Peregrine Falcon Restoration

A color photograph of a man and young woman putting a fledgling peregrine into a gray metal box.
Shenandoah's Peregrine Restoration Program aims to boost peregrine falcon numbers in the Central Appalachians where peregrine recovery has been slow.

NPS/Claire Comer


In 1980 peregrine falcons nested successfully in Virginia for the first time since DDT depleted their populations. Over the last four decades, breeding coastal Virginia populations of peregrine falcons have made a steady recovery while the mountain populations have lagged behind. The number of breeding pairs in the Central Appalachians over the last 18 years have only met one half of the recovery goal set by the U.S. Fish and Wildlife Service.

The successful breeding of peregrine falcons and rebounding populations in eastern coastal and urban areas prompted the removal of peregrines from the Endangered Species List in 1999. However, peregrines remain listed as Threatened in Virginia under Virginia’s Endangered Species Act.

The preferred method used for peregrine falcon re-introduction is called hacking. Hacking was first conducted at the Park from 1989-1993, during which time 37 of 42 peregrines successfully dispersed from the hacksite. The Peregrine Falcon Restoration Program resumed on an annual basis in 2000 using young falcons hatched at coastal Virginia sites, including birds from bridge nests with otherwise low fledging rates.

Despite the park’s nesting success of the mid 1990’s, peregrine populations in the mountains of Virginia continued to lag. So, in 2000, the park re-entered a peregrine restoration agreement with partners from the Center for Conservation Biology at the College of William & Mary, the Virginia Department of Game & Fish, and the Virginia Department of Transportation. From 2000-2018 park staff and project partners successfully restored 151 peregrine falcons back into the park from four different hack sites.


How does hacking work?

The hacking process at Shenandoah consists of taking at-risk falcon chicks from nest sites in eastern Virginia, and bringing them to the Park where they are placed in protective wooden boxes, hack boxes, for approximately 10 days. The hackbox is placed on a high cliff ledge that mimics a natural peregrine falcon nest scrape. The boxes are constructed so that the young birds can view and acclimate to their environment as they mature, but are protected from predators such as raccoons. While they are in the boxes, park staff provide for their care and feeding, and monitor their condition, all the while minimizing contact with humans.

When the falcons are ready for flight, the boxes are opened and the falcons are allowed to leave. They will continue to be fed and monitored at the hacksite as they learn to hunt for themselves. The young fledglings will often mimic their brood mates as they refine their flight and hunting skills. Generally, the falcons remain in the local area for several weeks. By late-July they begin to take extended practice flights of over 200 miles. By late August, they leave the area by wandering into other states and eventually migrating south or east as fall approaches. It is hoped that the birds will imprint on Shenandoah's prominent cliffs and return as breeding adults in 2-3 years. Ultimately, Foster Falcon partners hope that this project will help to meet the USFWS recovery goal of 21 breeding pairs in the Central and Southern Appalachians.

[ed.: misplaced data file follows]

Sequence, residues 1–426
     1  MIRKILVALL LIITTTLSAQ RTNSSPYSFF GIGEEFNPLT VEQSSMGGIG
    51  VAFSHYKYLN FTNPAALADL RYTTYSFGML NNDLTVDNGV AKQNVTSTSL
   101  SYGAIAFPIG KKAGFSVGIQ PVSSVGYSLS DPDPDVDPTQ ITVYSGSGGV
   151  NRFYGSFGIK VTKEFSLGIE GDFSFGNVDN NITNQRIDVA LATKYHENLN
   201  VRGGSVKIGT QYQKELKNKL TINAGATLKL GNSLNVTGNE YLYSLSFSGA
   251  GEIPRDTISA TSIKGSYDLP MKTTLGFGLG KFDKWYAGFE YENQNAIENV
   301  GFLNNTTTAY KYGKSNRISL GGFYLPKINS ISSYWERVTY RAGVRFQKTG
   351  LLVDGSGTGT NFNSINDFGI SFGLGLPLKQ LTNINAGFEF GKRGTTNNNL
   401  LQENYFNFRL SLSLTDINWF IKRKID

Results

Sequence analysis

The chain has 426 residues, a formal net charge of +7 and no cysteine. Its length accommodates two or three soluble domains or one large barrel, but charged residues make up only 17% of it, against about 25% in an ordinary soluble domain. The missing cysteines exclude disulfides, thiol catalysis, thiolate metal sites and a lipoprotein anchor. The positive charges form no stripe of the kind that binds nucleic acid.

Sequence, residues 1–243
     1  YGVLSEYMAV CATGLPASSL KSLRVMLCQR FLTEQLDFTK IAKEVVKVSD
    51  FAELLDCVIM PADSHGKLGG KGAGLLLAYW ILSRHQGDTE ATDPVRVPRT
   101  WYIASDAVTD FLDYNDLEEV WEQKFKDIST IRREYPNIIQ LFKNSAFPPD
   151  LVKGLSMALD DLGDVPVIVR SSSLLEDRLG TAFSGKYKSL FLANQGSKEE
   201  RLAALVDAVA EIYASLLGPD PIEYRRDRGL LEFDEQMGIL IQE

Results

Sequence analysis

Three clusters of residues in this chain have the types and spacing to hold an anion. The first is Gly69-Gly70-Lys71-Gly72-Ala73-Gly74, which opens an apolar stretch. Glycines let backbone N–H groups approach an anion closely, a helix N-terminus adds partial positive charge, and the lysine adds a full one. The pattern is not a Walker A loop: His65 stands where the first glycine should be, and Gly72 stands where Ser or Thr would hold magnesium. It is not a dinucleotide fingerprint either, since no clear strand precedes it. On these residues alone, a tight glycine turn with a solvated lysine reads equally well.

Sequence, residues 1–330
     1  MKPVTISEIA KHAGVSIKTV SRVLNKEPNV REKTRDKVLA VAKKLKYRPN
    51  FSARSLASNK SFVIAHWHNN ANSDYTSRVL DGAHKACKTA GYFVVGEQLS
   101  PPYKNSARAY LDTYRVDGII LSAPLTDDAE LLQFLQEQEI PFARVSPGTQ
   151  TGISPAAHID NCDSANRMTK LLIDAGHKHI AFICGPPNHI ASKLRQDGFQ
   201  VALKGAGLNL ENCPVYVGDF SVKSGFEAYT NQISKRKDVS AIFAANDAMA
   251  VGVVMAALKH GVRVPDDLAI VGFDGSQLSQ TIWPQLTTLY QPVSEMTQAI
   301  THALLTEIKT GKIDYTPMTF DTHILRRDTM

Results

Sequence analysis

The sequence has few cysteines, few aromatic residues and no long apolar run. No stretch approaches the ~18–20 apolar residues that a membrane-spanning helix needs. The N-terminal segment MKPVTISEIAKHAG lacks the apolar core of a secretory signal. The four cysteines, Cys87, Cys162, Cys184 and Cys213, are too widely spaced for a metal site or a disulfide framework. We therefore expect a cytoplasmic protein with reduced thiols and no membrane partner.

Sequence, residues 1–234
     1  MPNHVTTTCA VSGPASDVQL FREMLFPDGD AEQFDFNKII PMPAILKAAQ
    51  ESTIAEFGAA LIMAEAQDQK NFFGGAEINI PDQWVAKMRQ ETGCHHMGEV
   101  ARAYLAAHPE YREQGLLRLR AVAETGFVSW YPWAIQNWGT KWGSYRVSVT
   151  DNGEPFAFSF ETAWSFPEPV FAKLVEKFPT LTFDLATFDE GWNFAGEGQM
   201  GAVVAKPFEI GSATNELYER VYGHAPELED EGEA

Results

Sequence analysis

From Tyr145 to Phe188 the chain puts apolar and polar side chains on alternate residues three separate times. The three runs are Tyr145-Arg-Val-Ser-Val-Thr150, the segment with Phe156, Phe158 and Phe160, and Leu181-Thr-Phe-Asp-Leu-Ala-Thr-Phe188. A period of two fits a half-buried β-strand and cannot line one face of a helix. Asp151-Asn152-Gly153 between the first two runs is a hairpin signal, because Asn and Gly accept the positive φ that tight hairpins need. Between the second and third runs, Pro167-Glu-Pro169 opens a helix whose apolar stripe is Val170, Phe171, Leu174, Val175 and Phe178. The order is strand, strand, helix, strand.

What happens once the fledglings leave?

Research from the early 2000s (Center for Conservation Biology and FalconTrak Project Partners, Watts) shows that these reintroduced falcons disperse/migrate to a variety of areas. Some head towards coastal areas of the Mid-Atlantic and the Outer Banks. Some migrate to Florida, Cuba, the Bahamas, and further south. Others stay inland and winter along major river systems like the Ohio and the Susquehanna.

As a result of the Park’s ongoing restoration efforts, the Park has supported nesting pairs from 1994-1997, 2005-2007, and 2009-2014. During this time, these pairs have seen a 62% breeding success rate.

Shenandoah represents one of the best places in the mountains of Virginia to see these amazing birds of prey. Lucky visitors who experience this once endangered bird soaring high above the Blue Ridge Mountains are benefitting from regionally coordinated reintroduction efforts to support the conservation and long-term recovery of the peregrine falcon.


Source: Data Store Saved Search 3435. To search for additional information, visit the Data Store.

A falcon perched on a branch looking to the right.
Peregrine Falcon

Learn about these majestic birds of prey and why Shenandoah works to protect them.

Last updated: September 20, 2018

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